2017 Volume 4 Issue 1 Pages 23-26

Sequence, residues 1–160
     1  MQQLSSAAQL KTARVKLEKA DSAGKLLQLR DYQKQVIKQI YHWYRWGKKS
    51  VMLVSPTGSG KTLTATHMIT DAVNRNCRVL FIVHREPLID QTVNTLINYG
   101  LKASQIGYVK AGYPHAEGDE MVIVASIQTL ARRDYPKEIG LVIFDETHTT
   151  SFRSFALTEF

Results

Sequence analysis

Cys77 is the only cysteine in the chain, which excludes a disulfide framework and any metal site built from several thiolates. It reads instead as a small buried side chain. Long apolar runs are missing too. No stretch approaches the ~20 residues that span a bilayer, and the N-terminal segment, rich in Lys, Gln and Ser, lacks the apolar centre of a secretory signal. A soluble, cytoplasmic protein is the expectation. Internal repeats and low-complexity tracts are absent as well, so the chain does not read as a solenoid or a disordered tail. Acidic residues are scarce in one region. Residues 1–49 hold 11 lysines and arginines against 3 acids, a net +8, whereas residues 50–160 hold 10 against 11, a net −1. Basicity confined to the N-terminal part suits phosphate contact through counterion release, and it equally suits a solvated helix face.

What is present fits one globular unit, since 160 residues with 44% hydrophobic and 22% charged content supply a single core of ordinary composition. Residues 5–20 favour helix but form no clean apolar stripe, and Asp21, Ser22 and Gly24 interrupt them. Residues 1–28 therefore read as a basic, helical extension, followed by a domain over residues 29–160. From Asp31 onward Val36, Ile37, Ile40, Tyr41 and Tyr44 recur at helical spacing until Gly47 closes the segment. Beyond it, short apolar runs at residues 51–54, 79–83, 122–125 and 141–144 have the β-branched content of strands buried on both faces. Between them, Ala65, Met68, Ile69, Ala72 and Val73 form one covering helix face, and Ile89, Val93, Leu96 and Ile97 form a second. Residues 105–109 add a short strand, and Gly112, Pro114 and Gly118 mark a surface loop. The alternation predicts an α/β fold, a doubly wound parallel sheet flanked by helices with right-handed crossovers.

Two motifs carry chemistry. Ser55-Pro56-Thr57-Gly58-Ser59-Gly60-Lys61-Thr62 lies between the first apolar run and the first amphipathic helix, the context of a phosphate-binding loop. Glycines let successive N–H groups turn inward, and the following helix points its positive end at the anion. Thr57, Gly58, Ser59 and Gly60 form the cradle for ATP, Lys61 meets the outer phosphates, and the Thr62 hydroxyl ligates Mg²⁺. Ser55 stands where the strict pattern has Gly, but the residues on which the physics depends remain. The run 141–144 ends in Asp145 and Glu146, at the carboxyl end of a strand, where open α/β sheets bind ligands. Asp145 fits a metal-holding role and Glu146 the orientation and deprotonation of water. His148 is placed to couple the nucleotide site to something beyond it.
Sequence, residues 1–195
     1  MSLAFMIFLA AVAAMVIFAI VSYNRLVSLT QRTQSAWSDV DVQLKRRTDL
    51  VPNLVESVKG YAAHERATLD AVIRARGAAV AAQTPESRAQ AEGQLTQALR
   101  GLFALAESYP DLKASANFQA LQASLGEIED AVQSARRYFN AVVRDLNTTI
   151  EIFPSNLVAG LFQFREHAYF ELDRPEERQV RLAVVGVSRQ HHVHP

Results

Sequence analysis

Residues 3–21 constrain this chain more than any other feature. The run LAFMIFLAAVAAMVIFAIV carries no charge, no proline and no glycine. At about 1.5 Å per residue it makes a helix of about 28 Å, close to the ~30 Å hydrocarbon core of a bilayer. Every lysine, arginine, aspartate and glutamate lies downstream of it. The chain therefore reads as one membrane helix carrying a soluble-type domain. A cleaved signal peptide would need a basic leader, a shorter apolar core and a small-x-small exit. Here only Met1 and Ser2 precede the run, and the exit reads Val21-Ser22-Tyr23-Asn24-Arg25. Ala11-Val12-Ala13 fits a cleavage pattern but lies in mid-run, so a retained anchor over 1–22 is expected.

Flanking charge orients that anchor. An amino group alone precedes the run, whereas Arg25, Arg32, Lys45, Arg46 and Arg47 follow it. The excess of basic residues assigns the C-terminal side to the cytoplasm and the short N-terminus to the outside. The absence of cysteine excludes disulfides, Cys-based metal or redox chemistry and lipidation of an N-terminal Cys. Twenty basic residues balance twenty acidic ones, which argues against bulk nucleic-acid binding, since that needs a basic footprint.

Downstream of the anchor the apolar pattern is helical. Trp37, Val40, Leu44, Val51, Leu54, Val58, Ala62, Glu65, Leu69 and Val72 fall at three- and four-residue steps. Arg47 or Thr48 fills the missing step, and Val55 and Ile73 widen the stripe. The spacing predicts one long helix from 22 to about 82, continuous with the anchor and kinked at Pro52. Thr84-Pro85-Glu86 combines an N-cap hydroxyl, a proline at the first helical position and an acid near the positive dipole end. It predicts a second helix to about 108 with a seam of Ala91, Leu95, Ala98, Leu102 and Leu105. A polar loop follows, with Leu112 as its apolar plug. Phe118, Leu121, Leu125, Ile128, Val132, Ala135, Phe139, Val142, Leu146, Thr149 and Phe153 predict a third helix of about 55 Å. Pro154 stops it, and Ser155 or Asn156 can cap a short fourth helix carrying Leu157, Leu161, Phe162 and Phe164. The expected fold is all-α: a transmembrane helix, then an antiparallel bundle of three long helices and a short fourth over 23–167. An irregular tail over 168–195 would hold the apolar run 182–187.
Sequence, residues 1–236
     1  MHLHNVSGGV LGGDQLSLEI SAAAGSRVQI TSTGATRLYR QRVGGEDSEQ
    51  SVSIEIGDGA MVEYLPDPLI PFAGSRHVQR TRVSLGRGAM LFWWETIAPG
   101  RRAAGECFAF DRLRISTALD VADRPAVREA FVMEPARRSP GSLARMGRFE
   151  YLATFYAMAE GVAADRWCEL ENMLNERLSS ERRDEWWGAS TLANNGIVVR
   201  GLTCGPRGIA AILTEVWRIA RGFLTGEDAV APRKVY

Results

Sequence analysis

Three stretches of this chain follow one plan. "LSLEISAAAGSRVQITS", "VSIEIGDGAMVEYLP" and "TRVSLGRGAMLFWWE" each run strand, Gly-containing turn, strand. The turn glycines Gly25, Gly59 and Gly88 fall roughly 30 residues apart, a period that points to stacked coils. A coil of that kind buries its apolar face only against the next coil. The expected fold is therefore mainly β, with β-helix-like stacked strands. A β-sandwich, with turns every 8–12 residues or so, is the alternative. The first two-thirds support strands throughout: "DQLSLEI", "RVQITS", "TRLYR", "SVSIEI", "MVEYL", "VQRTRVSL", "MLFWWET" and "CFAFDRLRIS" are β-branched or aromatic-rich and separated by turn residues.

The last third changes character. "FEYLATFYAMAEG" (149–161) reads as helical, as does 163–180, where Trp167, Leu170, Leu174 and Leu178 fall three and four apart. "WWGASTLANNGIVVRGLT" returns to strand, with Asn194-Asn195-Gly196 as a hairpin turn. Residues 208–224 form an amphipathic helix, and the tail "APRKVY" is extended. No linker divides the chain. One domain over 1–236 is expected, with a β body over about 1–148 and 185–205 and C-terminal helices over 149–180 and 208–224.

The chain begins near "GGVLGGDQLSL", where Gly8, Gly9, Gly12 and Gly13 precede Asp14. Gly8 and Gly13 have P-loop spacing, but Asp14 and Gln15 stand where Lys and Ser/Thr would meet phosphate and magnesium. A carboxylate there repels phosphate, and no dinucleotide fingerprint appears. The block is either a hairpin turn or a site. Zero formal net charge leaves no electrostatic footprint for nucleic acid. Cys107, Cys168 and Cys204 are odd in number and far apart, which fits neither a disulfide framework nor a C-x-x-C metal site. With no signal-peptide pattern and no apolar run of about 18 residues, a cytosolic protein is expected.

The lateral transpsoas approach to access the vertebrae obviates the need for an approach surgeon and minimizes muscular disruption, thus allowing for quicker recovery. Several reports on the lateral transpsoas procedure have described few complications. However, the development of an unsightly and painful abdominal flank bulge is a largely under-recognized and very rare complication of the lateral transpsoas approach. A 59-year-old man suffered from back pain and bilateral posterior leg pain. Computed tomography (CT) scan and MRI showed retrolisthesis at L3-4, L2 wedge vertebrae with kyphosis, left L4 screw loosening, and L3-4 disc herniation with central canal stenosis. L2 corpectomy and L3-4 DLIF and posterior fusion to T12 for kyphosis correction were performed. For the lateral approach, resection of the T11 rib was performed. One month later, he developed left abdominal flank bulging below the lateral approach site, which was aggravated by walking, coughing, defecating, constipation, and eating. CT scan showed left abdominal flank bulging accompanied by abdominal muscle thinning. We believe that this complication is caused by denervation of the abdominal musculature after injury to the T11 intercostal nerves.